cmartinsmd
Posted on March 20th 2012 at 6:40PM

Company's  are in their experimental stage when it comes to PPC advertising.  If the results reported are not looking solid at this time it's because we are all still working hard on learning what works and what doesn't.  

I believe with so much content flowing a business using PPC advertising will have an advantage over one that does not participate.  But, the PPC ad should have a call to action attached and be evoloving not static..  For example, my clients want to build their social communities and we use PPC ads quiet effectively to meet that goal.  Another one of my clients has a very niche product with a specific radius and PPC ads have helped thier  demographics find them.  Good luck with it all and keep exploring what will work best for your company!  

Carolyn Martin, founder, www.socialmediademand.com 

Sookie Shuen
Posted on March 21st 2012 at 9:00AM

Hi Carolyn,

You are absolutely correct, you need to make sure that your ad copy needs have the following points within the CTA:

  • Value
  • Offer
  • Proposition

Good luck in your future PPC campaigns!

Brandt Page
Posted on March 20th 2012 at 7:54PM

This is a very helpful article, I am running http://launchleads.com and we have been primarily focused on generating b2b leads via phones, and we also help our clients verify and qualify their inbound leads from ppc, with an immediate phone response, but we have been interested in doing our own ppc/seo for our clients to help own more of the funnel, this article gives me some insight as to what would be the best way to go about that. Thanks again.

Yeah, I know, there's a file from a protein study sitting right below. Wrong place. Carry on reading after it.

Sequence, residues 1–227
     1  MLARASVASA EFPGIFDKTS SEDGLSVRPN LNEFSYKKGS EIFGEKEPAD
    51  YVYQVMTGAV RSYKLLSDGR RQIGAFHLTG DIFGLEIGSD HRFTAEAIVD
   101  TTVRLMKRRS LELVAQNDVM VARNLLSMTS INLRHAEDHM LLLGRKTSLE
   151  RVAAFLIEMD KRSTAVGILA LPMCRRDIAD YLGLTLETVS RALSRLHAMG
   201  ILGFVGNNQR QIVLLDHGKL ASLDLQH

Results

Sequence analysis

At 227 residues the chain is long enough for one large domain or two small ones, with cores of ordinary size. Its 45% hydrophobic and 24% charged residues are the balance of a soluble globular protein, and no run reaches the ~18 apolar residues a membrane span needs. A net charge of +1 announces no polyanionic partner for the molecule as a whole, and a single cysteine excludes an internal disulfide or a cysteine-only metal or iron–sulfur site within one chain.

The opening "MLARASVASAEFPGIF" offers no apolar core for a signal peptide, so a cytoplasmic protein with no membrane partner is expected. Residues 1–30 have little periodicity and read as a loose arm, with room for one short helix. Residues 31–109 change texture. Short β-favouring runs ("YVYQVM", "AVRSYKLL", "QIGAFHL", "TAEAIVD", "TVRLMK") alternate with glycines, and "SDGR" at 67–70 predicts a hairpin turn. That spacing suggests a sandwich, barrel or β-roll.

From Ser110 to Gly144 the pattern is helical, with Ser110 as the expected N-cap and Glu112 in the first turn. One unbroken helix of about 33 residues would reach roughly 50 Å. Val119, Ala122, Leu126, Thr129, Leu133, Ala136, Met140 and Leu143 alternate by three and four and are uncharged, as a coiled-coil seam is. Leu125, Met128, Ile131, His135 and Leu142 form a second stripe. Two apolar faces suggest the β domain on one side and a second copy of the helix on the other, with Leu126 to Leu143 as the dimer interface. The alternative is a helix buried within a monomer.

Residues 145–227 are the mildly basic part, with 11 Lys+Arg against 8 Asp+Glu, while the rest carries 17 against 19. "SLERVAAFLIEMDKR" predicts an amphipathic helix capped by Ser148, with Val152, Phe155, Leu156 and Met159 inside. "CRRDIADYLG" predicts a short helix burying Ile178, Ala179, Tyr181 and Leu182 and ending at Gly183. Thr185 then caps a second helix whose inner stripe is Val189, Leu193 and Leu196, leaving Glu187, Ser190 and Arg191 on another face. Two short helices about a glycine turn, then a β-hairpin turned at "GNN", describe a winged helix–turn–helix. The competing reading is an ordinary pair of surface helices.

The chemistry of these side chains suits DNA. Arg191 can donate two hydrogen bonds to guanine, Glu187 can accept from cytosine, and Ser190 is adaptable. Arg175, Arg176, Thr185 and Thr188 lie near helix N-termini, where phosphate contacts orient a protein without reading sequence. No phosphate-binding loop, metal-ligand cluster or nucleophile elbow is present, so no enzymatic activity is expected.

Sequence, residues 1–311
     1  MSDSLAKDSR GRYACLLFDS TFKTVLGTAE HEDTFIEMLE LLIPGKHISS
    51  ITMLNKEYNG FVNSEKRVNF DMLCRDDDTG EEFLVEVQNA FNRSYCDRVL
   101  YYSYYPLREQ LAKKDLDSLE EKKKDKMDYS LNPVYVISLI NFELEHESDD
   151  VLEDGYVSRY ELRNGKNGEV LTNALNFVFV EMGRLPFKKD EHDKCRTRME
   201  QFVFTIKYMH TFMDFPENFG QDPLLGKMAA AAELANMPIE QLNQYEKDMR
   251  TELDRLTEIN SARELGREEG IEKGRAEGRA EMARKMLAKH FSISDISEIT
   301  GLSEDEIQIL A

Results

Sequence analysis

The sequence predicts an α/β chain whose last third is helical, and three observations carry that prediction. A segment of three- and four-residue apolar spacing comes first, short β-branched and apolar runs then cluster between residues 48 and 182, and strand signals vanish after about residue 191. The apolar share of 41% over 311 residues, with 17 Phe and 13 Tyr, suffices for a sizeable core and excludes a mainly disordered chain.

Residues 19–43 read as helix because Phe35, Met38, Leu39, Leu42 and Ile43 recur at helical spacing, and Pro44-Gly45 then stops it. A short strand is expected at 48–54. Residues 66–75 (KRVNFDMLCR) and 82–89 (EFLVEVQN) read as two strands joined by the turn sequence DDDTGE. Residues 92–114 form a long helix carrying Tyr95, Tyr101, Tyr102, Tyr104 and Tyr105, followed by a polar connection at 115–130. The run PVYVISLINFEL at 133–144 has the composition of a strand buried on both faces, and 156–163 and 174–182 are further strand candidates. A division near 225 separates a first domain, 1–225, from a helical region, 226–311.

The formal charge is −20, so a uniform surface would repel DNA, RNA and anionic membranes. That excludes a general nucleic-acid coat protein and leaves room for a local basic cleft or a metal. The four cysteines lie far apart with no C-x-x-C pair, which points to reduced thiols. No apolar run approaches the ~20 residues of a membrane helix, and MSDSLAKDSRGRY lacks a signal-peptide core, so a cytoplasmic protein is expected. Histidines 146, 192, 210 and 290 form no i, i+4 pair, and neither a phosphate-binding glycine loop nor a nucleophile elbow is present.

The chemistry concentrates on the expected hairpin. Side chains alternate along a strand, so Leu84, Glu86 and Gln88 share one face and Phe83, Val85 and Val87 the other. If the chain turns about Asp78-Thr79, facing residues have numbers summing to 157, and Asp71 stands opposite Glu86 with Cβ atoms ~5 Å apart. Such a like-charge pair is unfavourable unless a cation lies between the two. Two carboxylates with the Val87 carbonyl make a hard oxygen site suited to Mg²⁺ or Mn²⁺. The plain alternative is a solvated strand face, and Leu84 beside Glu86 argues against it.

Sookie Shuen
Posted on March 21st 2012 at 8:58AM

Hi Brandt, thanks, I hope you'll be able to implement those tips into your PPC campaign.

PurpleFishMarketing
Posted on March 20th 2012 at 8:16PM

Good article about Pay Per Click Advertising. I agree that it's not as strong as organic search results and I don't think it ever will be, because people know those are ads. Although it can certainly catch more eyes, if it's not converting then it doesn't matter.

I'd be curious to see if the next step with Adwords for Google is to start moving to more of the social advertising that Facebook is doing now. With Google+ they will eventually have the data to place ads that have more of a "relationship" to them.

 

Jason Bazinet

www.purplefishmarketing.com

Sookie Shuen
Posted on March 21st 2012 at 8:56AM

Hi Jason,

I guess Google has already started doing their own version of social advertising. Google+, the +1 button, and +1 Annotations increase the social visibility and relevance of your business to potential customers as they browse the web, making you a part of their everyday web browsing activities. So there you go, Voilà!

Thanks for your comment!

theonetrueguide
Posted on March 21st 2012 at 3:34AM

As much as PPC is getting a smaller share of the internet pie, it's undoubtedly here to stay. I mean, there will always be people/companies who want instant results or have spare cash to burn.

 

And even if some of them learn their lessons, there will be 'newbies' who come on board to go through the cycle the hard way.

 

Looking at how the search engines are evolving, the bottomline of providing relevant content will continue to resonate stronger than ever. That's why organic search traffic will, all things being equal, make the most sense in the long run.

 

As Keith Cunningham said, 'Find out what they want, go and get it, give it to them!'. Although it's in the context of the offline brick and mortar businesses, I believe it's directly applicable to building a sustainable business online too.

 

That's why, in the long term, only sites that offer true value in terms of what people are looking for will hang around.

 

Sean L.

http://www.successful-online-business-guide.com/

Dimitri Visser
Posted on October 8th 2012 at 12:25PM